The thorough investigative work of the Carabinieri and the Italian prosecutorial authorities has revealed all too clearly the links that sometime exist between museums and the trade in illicit antiquities. For too long, many museums have been enthusiastic acquirers of smuggled and stolen antiquities, and as such have set an example that private collectors have emulated. It is no exaggeration to say that museums have underpinned demand. But in this paper I want to look at another cultural institution, one that facilitates the trade in stolen antiquities, but one that until now has generally avoided censure. I am talking about universities, or at least about university-based academics. Not all academics, by any means, but the small number of academics who collaborate with collectors and dealers in such a way as to facilitate the trade. There are at least three ways in which this might happen: academic participation in price formation by object identification; academic promotion of market confidence by object authentication; and academic obstruction of criminal investigation by provenance denial. I will consider each of these activities in turn, before going on to discuss them further in the context of some material case studies.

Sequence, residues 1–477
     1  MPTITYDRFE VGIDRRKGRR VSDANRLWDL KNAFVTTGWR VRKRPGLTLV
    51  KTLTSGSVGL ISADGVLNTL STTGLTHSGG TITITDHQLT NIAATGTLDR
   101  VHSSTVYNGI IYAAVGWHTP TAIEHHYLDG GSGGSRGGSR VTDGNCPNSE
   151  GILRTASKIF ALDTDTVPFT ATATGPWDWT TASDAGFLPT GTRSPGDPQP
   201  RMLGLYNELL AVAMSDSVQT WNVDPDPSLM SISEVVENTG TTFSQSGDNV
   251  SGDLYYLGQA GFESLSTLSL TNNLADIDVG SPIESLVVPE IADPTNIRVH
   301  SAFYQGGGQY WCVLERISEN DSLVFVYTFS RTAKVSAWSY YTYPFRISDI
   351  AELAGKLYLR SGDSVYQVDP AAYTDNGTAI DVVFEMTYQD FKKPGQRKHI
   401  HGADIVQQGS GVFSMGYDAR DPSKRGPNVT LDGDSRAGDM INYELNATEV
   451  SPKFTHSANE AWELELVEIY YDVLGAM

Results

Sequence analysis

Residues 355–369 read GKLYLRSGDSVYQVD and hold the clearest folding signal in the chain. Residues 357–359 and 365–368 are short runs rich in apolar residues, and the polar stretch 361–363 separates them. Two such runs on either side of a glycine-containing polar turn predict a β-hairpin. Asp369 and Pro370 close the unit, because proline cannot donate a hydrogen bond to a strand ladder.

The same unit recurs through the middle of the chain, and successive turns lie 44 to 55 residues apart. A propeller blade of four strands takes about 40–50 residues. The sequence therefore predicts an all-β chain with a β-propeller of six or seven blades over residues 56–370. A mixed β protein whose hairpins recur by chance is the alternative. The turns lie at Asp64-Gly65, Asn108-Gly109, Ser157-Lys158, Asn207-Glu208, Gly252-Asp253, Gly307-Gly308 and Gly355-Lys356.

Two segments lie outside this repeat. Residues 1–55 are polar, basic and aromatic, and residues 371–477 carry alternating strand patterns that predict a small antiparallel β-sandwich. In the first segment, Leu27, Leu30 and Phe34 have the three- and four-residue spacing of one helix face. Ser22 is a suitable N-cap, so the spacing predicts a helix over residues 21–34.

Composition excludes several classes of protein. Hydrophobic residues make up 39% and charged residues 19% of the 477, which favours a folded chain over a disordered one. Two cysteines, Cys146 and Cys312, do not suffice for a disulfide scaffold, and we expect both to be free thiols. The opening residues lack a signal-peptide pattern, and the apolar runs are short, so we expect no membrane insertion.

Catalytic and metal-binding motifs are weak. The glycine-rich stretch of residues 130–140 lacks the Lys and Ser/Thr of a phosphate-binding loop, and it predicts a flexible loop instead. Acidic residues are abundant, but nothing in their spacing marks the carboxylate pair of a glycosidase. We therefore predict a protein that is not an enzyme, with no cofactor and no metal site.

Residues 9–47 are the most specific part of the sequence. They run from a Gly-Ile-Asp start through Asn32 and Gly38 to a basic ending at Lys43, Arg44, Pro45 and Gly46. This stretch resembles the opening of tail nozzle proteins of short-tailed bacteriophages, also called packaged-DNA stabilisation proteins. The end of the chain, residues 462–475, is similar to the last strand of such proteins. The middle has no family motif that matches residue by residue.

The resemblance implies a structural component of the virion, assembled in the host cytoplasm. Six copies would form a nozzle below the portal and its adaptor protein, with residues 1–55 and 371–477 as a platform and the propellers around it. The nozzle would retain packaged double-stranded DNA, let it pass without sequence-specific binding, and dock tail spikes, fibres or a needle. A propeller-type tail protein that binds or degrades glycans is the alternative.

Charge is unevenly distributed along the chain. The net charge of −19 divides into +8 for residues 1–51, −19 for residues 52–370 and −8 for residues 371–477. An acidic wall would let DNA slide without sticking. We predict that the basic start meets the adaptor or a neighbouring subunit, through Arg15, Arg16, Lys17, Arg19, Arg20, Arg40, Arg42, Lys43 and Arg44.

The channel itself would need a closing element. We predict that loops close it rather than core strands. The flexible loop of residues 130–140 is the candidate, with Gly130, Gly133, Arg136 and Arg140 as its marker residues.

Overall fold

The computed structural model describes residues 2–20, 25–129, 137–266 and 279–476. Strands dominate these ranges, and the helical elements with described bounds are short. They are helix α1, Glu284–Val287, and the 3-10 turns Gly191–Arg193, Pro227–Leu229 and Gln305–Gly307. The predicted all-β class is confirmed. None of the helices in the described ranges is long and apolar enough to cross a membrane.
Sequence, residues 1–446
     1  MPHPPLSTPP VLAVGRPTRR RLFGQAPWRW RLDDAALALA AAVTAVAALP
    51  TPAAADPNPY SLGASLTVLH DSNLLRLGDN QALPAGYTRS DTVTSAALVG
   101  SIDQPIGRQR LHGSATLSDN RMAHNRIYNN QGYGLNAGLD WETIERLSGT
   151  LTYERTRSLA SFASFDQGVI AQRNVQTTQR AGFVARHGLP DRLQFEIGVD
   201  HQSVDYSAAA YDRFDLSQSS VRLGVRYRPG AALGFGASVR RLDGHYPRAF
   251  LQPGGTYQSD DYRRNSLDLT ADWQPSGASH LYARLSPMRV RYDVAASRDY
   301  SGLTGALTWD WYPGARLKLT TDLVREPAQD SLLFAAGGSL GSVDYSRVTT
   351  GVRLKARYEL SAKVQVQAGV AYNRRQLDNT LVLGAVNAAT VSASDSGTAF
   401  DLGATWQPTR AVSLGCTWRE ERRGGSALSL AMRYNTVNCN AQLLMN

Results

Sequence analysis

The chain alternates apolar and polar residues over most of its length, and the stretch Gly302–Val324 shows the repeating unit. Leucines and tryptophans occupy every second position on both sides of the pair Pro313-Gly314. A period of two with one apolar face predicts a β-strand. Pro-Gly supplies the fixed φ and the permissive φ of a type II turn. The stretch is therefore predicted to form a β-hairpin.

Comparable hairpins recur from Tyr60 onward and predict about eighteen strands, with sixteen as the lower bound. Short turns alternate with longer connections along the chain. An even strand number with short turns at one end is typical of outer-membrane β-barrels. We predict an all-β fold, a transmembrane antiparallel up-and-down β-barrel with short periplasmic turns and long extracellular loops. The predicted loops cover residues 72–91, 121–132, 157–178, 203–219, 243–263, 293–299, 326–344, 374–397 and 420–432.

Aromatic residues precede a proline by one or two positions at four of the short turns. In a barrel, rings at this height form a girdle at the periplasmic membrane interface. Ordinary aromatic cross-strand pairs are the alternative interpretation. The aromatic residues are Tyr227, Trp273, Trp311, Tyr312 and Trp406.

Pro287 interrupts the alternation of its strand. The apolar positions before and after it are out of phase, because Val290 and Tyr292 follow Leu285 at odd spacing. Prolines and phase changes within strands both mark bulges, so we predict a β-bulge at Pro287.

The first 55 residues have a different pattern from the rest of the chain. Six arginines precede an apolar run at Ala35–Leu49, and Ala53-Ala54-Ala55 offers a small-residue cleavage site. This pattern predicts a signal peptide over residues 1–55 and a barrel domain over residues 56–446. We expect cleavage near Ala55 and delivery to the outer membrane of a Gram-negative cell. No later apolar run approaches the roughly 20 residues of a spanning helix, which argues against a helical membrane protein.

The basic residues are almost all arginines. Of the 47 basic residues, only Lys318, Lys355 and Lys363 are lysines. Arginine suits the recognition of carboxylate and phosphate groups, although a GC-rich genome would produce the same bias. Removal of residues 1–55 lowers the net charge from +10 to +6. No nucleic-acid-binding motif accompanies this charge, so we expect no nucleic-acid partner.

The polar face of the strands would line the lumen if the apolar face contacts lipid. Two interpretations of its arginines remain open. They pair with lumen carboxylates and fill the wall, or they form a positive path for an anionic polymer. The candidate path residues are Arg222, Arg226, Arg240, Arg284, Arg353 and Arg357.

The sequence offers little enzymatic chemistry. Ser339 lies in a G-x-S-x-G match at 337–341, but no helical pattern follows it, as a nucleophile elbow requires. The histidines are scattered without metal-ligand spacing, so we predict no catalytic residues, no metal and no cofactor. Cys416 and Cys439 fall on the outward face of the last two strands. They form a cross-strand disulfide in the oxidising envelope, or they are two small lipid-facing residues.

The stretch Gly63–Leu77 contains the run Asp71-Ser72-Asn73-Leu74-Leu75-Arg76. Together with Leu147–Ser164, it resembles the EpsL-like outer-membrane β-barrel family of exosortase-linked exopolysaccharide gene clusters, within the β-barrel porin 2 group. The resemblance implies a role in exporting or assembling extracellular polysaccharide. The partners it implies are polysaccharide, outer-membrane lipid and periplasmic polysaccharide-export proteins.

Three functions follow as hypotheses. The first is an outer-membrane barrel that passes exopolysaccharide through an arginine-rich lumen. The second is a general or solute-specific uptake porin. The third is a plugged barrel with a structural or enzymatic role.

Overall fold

Academics are repositories of expert knowledge, and their expertise is often indispensable when it comes to identifying and describing unprovenanced antiquities. Object identification is important for the trade because it establishes such things as rarity and historical or artistic importance. To a large extent, rarity and importance determine price, and so, in effect, identification determines price. This monetary consequence is probably enhanced when identification is accomplished in association with the scholarly monograph or the lavish exhibition catalogue, which then become distinguished entries on object provenances. An efficient market cannot exist without a mechanism of value assignment and price formation, and identifications and scholarly descriptions made by academics fulfill this role.